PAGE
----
Niccolò Machiavelli was born in Florence, Italy, May 3, 1469
We first had to read The Prince in high school. I remember it as drudgery. I read it again a couple years later, and the light dawned. It became especially relevant with all of my reading about the Founding Fathers, and their thoughts on government, the workings of power, and the general corruptibility of man. One of my favorite things about all “those guys” was their distrust of idealism and Utopias. They were skeptics about mankind and human nature. Man is not to be trusted with power. Ever.
Machiavelli understood that better than most.
At Ebertfest last year, Chazz Palminteri’s wonderful film A Bronx Tale was screened, and I had forgotten its repetitive mention of Machiavelli (especially in one key monologue from the gangster Sonny). During the audience QA afterwards, a high school teacher stood up and said, “I just want to thank you because I teach Machiavelli to 10th graders, and A Bronx Tale has always been a great ‘hook.’ All I need to do is show them that scene and they get it.” Wonderful! Mr. Palminteri talked about the gangster he knew as a kid, the one on whom Sonny was based, and he said that, yes, that guy talked about Machiavelli all the time. The gangster had read Machiavelli while “away at college” (i.e. prison), and the quote in the title of this post, as well as the excerpt below, about fear/respect and love, was one of Sonny’s “take-aways” from The Prince.
The Prince has a strange chameleon-like quality, and seems to reveal different things to me depending on where I’m at when I read it, or where the world is at. The Prince has become increasingly important in the last couple of years to me personally as I have started to move into areas in my career where I need to negotiate, where I have a property that I know is valuable, and I need to figure out how to protect it.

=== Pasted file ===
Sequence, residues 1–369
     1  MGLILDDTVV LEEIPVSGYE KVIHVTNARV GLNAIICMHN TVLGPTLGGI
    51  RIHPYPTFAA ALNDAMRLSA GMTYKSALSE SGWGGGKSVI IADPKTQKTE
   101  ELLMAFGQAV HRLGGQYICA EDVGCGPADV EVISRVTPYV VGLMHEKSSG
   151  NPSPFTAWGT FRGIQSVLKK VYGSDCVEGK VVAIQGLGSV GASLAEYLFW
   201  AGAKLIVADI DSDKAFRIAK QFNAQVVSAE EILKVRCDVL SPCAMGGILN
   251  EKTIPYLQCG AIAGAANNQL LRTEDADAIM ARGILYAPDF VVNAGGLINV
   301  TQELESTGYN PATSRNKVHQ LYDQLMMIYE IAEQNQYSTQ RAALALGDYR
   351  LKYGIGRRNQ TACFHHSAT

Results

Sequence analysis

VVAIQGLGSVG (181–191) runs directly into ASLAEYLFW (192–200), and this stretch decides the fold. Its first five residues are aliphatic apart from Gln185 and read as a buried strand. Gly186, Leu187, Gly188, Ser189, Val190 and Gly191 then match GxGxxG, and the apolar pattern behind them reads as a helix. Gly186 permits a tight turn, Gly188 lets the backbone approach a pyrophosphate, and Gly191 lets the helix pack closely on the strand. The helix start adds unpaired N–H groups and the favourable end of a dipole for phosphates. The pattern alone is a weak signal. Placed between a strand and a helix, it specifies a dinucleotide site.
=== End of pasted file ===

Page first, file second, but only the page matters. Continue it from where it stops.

I like the section on armies very much. But going to post excerpt from the famous chapter that Chazz’s gangster loved so much: “On Cruelty and Clemency, and Whether It Is Better to be Loved or Feared”.
The edition that I have starts with an introduction about the history of responses to The Prince, and “Machiavellian” became a descriptive term meaning brutal selfishness and single-mindedness – and this association occurred pretty much during his lifetime. The work is misunderstood. (Machiavelli is similar to Orwell in that respect. Christopher Hitchens, in Why Orwell Matters analyzes how “Orwellian” became a descriptive term, and how so often Orwell is associated with totalitarianism, as though he endorsed those views, instead of just being able to lay them out them so accurately. Orwell/Machiavelli: association of author with subject, mistaking the messenger for the message. The age-old problem: If you show reality so clearly, with no apology, does that mean you endorse the reality?) Machiavelli’s very name now means something malevolent, it is a signifier, a shorthand. Maybe the only thing people remember from the book is the famous sequence on “the ends justify the means”, which, taken out of context, is of course terrifying. Even in context it is terrifying.
Machiavelli was a political insider who had a cushy government job, but all of that changed when the Medicis took power. Machiavelli was imprisoned, tortured, and exiled. During his exile, he wrote The Prince, as a hopeful gesture to get in the good graces of the Medicis. A gift, a presentation: “Here is all that I know about politics. You shouldn’t exile me. I can help you. Let me be of service to you.” In that light, the book is obviously a groveling piece of sycophancy. It’s important to remember those fascinating levels when you read some of the more cold-hearted sections of the book.
Here is a bit from a letter he wrote to a friend during his exile:
I am living in the country since my disgrace. I get up at dawn and go to the little wood where I see what work has been done …
Then comes a long section where he discusses sitting outside on a hill, reading Dante, Petrarch, Tibullus, Ovid. Then he goes to spend the afternoon at the inn, with the miller, the butcher, a cook, some bricklayers. The letter continues.
[Spent the afternoon] with these boors playing cards or dice; we quarrel over farthings. When evening comes I return to the house and go into my study. Before I enter I take off my rough mud-stained country dress. I put on my royal and curial robes and thus fittingly attired I enter into the assembly of men of old times. Welcomed by them I feed upon that food which is my true nourishment, and which has made me what I am. I dare to talk with them, and ask them the reason for their actions. Of their kindness they answer me. I no longer fear poverty or death. From these notes I have composed a little work, The Prince.